Preserved by the UCLA Film & Television Archive
    KCET’s production of Phillip Hayes Dean’s critically acclaimed play, first presented by the Negro Ensemble Company in 1971, examines the volatile relationship between a mother and daughter torn by generational change amid the backdrop of the burgeoning civil rights movement. Director Ivan Dixon artfully brings the claustrophobic teleplay to a forceful boil, with Mary Alice delivering a harrowing performance of depth rarely seen in prime-time television. 
  • Feb. 25, 7:30 p.m.
    Brought to You in Living Color: “The Chevy Mystery Show” (1960)
    Recently preserved by the UCLA Film & Television Archive
    “The Chevy Mystery Show” is an early example of a recurring television series produced on color videotape, with the show’s eye-popping sets and wardrobe intended to take full advantage of NBC’s beautiful “living color.” The technically innovative pulp mysteries boast noirish twists and the notable contributions of esteemed actors like Agnes Moorehead and beloved horror icon Vincent Price.

 

  • March 19, 7:30 p.m.
    14th Primetime Emmy Awards: 60th Anniversary Screening (1962)
    Preserved by the UCLA Film & Television Archive
    Co-presented with the Academy of Television Arts and Sciences
    Brimming with Kennedy-era New Frontier verve, 1962’s Primetime Emmy Awards highlights the still-developing medium of television at the crossroads of midcentury. Presented live by hosts Bob Newhart, Johnny Carson and journalist David Brinkley, the broadcast features an array of talent, with future icons Carol Burnett, Don Knotts and Peter Falk collecting Emmys from star presenters ranging from Eartha Kitt to Jack Webb. The screening includes the original broadcast’s commercials.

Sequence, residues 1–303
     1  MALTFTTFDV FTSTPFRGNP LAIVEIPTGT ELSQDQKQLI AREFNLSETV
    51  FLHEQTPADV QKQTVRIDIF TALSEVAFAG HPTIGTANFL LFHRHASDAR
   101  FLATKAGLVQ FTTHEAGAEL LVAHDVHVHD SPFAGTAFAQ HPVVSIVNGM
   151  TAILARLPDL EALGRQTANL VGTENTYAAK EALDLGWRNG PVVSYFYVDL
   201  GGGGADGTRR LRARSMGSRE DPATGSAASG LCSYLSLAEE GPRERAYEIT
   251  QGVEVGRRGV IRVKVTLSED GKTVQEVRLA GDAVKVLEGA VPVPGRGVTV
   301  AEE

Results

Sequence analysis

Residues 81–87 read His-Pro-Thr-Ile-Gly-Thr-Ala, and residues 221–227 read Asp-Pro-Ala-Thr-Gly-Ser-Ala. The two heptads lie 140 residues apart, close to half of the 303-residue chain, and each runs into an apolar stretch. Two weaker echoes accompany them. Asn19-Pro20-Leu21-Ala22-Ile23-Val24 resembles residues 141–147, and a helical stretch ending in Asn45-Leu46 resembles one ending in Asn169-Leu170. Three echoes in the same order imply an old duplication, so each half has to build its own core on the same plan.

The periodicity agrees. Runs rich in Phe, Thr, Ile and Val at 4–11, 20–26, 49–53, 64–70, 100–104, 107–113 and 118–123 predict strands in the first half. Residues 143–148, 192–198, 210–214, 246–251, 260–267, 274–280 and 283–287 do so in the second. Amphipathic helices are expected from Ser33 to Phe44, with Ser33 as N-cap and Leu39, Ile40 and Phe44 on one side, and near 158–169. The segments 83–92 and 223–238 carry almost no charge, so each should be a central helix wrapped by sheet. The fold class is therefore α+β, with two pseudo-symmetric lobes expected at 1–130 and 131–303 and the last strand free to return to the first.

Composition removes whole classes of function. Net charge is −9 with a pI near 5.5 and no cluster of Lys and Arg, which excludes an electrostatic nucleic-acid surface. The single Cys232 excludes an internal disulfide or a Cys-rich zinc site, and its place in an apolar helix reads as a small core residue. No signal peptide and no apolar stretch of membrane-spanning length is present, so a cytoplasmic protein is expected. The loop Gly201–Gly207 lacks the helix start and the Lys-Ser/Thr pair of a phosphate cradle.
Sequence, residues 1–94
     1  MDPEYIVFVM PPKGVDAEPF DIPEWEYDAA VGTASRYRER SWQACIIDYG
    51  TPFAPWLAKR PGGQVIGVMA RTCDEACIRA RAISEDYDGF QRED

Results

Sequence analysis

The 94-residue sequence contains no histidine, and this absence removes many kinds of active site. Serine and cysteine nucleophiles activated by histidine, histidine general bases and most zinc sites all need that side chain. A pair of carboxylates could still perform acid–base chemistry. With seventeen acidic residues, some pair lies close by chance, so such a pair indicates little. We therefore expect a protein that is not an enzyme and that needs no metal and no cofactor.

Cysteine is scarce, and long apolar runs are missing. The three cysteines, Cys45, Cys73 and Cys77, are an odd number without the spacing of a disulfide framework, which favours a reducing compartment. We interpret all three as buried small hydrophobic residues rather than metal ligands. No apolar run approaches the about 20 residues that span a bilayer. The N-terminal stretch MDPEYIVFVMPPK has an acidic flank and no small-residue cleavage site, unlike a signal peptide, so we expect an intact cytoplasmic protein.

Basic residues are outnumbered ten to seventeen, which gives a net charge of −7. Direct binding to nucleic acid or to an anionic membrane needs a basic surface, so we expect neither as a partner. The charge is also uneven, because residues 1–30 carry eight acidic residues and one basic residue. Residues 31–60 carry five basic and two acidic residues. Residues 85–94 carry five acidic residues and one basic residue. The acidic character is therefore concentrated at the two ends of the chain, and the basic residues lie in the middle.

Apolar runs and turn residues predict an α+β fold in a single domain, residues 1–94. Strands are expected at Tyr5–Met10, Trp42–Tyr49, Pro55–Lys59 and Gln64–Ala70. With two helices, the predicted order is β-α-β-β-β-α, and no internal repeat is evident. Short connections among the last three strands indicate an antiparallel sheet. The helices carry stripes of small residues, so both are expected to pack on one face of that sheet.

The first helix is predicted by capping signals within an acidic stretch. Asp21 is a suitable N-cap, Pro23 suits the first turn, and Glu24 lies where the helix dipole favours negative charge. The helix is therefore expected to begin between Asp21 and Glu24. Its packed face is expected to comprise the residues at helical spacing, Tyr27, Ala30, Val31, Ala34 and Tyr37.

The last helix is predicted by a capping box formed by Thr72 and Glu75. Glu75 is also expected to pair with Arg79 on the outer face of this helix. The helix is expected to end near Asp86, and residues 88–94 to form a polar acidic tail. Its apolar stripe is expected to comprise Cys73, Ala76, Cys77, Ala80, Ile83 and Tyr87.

This series is made possible by the John H. Mitchell Television Programming Endowment.

 

Family Flicks 

Once again, the Archive and the Hammer Museum have teamed up for a free matinee screening series of new and classic family-friendly films from around the world.

 

  • Feb. 20, 11 a.m.
    “Matinee” (1993)
    Recommended for ages 10 and up
    Key West, October 1962: Movie-obsessed teen Gene spends most afternoons huddled in a theater with his kid brother. On the same day President Kennedy takes to TV to warn of a potential nuclear attack, B-movie producer Lawrence Woolsey (John Goodman, in a role modeled on William Castle) rolls into Gene’s town and decides the local atmosphere is ideal for the premiere of his latest over-the-top creature-feature, “Mant!”

March 4–6
Contested Landscapes: Three Digital Features by James Benning

In recognition of filmmaker James Benning’s 50 years as a creator of singular and uncompromising films, videos and installations, the Archive and the Hammer Museum present a weekend of three features that span the artist’s years of working with digital technology, including the U.S. premiere of a major new piece, “THE UNITED STATES OF AMERICA” (2021).

Long considered a consummate craftsman of 16mm film, Benning transitioned to digital technology in 2009, quickly achieving a comparable level of mastery with this new medium. Throughout the decades, he has been best known for his elegantly framed landscape studies — built on rigorous conceptual and formal structures — that slowly and subtly become fields of evidence and revelations of discovery. The indefatigable Benning has produced more than 30 feature-length films and videos, as well as numerous shorts and museum installations, that deal with the perception of reality and underlying social implications. Each Benning film becomes an encounter with time and the unexpected — in ways that can only be achieved through cinema.

  • March 4, 7:30 p.m.
    Ruhr” (2009)
    In person: James Benning